Letter from Oz

CURRENT headlines are focused on the Reserve Bank of Australia and its decision to cut interest rates yet again for the fourth time in as many months.

Peter Gladwell

CURRENT headlines are focused on the Reserve Bank of Australia and its decision to cut interest rates yet again for the fourth time in as many months.

The one percentage point reduction did not have the effect on the Australian stock market some analysts predicted. Instead the ASX fell by 4% at close.

Much has been influenced by the dramatic drop in Wall Street the previous night by nearly 700 points. Shares on the ASX have suffered particularly those in the resources and major banking sector.

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The Federal Treasurer Lindsay Tanner said it is hoped that the banks will pass the full interest rate cut to consumers and thus far the Australian National Bank and Commonwealth Banks have done just that that but the ANZ has only passed on 0.85% and the Westpac 0.83%.

The banks continue to remain the focus of much discussion and criticism owing to their continual arrogance over the interest rates charged to credit cards.

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People are strongly advised to shop around to find the best interest rates and change to those banks or other institutions offering the best deals.

The Federal Government has decided to downgrade its original forecast for growth next year and has adjusted its figures to a more realistic 1.2%.

But since this prediction was released resources, banking and retail figures have tumbled further and Prime Minister Kevin Rudd has started to talk about the economy going into negative territory and that maybe his government will need to spend more money from the surplus and even go into deficit to prevent the economy from going deeper into a recession resulting in higher unemployment.

Following the plight of the American auto industry General Motors Holden, based in Port Elizabeth near Adelaide, has announced that employees will be put on reduced working hours and pay over the forthcoming Christmas holiday period because of falling sales for flagship models.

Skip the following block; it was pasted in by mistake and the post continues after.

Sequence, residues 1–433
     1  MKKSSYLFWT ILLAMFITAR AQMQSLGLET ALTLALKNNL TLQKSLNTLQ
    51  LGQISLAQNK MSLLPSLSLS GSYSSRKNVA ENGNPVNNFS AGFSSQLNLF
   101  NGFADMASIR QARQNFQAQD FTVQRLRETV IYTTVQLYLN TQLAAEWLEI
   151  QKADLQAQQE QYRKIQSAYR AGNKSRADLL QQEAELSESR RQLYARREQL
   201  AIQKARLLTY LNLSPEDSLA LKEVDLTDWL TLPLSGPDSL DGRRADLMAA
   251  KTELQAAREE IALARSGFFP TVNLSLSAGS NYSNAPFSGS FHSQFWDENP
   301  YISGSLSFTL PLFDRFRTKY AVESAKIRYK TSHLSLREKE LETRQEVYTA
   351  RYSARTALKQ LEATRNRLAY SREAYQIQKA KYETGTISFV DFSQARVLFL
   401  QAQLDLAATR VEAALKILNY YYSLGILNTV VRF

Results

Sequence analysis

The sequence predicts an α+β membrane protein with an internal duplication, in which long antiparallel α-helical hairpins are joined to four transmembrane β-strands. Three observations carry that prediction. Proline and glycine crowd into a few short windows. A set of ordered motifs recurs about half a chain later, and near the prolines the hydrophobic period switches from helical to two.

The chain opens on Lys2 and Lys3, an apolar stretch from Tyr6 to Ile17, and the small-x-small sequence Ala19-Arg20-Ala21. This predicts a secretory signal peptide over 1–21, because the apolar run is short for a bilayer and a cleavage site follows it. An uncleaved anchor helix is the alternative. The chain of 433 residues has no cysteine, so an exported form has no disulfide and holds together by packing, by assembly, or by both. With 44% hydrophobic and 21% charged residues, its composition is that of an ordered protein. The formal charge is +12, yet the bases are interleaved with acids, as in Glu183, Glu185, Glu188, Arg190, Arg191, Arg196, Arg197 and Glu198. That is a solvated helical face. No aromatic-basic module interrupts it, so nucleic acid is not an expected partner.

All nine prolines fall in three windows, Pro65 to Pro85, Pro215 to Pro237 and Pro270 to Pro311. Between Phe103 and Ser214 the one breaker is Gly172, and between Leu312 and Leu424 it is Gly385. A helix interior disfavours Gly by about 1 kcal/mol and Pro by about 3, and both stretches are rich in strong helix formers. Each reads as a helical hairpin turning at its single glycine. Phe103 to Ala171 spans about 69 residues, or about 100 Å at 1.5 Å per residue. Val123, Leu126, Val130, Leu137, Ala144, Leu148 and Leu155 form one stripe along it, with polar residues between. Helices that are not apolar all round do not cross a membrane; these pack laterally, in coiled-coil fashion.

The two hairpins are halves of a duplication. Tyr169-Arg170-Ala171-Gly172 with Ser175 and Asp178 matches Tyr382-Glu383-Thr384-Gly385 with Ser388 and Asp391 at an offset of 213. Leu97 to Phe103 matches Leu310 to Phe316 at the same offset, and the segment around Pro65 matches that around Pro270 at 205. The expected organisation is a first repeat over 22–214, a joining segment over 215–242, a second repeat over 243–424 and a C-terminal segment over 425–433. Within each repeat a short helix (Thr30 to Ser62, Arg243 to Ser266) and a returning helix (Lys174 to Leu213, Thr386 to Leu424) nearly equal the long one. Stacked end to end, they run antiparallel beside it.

The plant will be closed soon for a period of one month and possibly longer if sales do not increase. The Ford Motor Company have made similar decisions with lay offs at their Melbourne Cambellfield plant but have decided to keep their Geelong engine plant going despite falling world demand for their products.

To many this is simply putting off the inevitable because the company continues to manufacture the six-seater Falcon with its straight six cylinder engine not known for its fuel economy.

Australians have been caught up in the recent turmoil in Mumbai, India, with two lives being lost in the terrorist attacks on the Taj Mahal and Oberoi hotels and Leopold Café last week.

The Federal Government and Qantas have joined forces and have ferried a number of injured business people and holiday makers back to Australia.

Meantime another rescue mission has been implemented by joint Federal Government and Qantas intervention to the Bangkok crisis to bring home a number of Australian tourists trapped in Bangkok International Airport for days while the country is absorbed in political confrontation over the rights of the elected Prime Minister and his government to govern.

In the State of Victoria November was a much better month for rainfall compared with October with an average of 100mm being recorded in most areas.

Despite this the Melbourne reserves only rose by 0.3% to 33%. Where I live our gauge registered a total of 150.5 mm compared with 86mm last year and an overall total so far in 2008 of 724mm compared with 921mm for the same period last year, a shortfall of 197mm or nearly eight inches.

The State Government has predicted that Melbourne will require a further expansion to cater for the new homes needed over the next 20 years.

None of us need to be scholars to ask where all the water is going to come from to service these new homes when our annual rain fall and water reserves continue to diminish year after year.

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